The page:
A few weeks following the fatal accident of an off-duty police officer off the Ed Koch Queensboro Bridge, the Department of Transportation (DOT) and NYPD have implemented a new change looking to increase safety for drivers and pedestrians.
The DOT and NYPD announced on Tuesday the single lane of the Queens-bound outer roadway of the Queensboro Bridge will be closed each day to vehicular traffic from 9 p.m. to 6 a.m., starting Monday, Dec. 30.
The nighttime closure hopes to reduce the possibility for speeding and any other dangerous driving at night when the lane is not being used. All traffic capacity on Queens-bound inner and upper roadway lanes will not be affected.
“This upgrade to the Ed Koch Queensboro Bridge is just the latest step we’ve taken to keep the more than 180,000 daily drivers crossing safely on one of the city’s most iconic bridges,” said DOT Commissioner Janette Sadik-Khan.
The daily closure and reopening of the outer roadway lane will be organized by NYPD traffic officers who are already stationed at the bridge to manage the weekday reversal of the two upper roadway Queens-bound lanes.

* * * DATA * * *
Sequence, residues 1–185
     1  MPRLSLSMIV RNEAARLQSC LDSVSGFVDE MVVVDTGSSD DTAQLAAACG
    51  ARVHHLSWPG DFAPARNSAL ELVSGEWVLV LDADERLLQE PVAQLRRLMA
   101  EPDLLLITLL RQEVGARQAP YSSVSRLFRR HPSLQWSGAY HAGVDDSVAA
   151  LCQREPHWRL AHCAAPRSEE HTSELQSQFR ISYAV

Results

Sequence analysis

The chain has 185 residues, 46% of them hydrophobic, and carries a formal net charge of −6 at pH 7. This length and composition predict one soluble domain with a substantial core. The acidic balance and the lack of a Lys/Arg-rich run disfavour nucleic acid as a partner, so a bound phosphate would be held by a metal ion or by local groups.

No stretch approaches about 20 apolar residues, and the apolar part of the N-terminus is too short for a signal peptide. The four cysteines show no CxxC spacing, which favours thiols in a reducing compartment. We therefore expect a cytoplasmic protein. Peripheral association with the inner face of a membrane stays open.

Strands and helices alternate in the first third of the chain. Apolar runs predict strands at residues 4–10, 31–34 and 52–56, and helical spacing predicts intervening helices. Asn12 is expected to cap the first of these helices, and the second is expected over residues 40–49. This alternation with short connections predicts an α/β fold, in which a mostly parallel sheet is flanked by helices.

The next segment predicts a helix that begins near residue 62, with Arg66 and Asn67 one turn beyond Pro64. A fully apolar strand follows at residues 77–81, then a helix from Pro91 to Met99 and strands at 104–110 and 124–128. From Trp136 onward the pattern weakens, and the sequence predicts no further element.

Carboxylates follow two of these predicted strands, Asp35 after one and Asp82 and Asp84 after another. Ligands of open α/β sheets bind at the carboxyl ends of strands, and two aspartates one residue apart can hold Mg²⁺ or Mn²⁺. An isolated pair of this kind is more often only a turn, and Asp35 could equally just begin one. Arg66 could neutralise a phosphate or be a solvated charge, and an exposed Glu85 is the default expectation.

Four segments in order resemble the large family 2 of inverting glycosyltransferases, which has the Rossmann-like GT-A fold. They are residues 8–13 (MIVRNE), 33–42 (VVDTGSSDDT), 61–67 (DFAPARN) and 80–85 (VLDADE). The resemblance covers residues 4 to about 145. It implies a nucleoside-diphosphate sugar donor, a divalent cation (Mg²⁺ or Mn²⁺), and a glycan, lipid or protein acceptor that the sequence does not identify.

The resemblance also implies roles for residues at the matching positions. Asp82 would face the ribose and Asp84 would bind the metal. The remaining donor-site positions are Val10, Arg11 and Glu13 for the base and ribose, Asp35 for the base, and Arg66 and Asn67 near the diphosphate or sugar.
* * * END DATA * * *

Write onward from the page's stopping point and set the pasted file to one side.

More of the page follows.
The closure comes after the DOT conducted a review of current safety measures, traffic volumes and travel speed following the death of 10-year NYPD veteran Elisa Toro, 36, on December 10.
Toro was heading off the bridge’s exit ramp around 1:50 a.m. when she struck a guardrail, then a cement barrier, said police. The car then flipped onto its passenger side, hitting a vacant storefront on Queens Plaza South at Crescent Street in Long Island City. Toro, a Bronx resident, was pronounced dead at the scene. No one else was injured in the accident, said police.
“I applaud the DOT for finally giving this dangerous stretch of road the attention it deserves,” said State Senator Michael Gianaris who asked the DOT to improve traffic safety in the area and redesign the bridge’s exit ramp, after a series of accidents in 2011. “Hopefully, the nighttime closure of the Queens-bound outer roadway will provide the time for a proper evaluation of the street design coming off the Queensboro Bridge exit ramp so we can eventually solve this problem once and for all.”
According to the DOT, the outer-roadway closure joins other traffic measures installed by the Queens Plaza South exit ramp since 2011. The traffic measures include three 20 mph messages, “shark teeth” markings on the road, 14 yellow and 12 white 36”-by-8” aluminum-backed reflectors, four sets of rumble strips warning drivers they are approaching a reduced speed zone, and much more. Throughout the day, the agency plans to continue monitoring traffic volumes, safety measures and driving conditions on the bridge.
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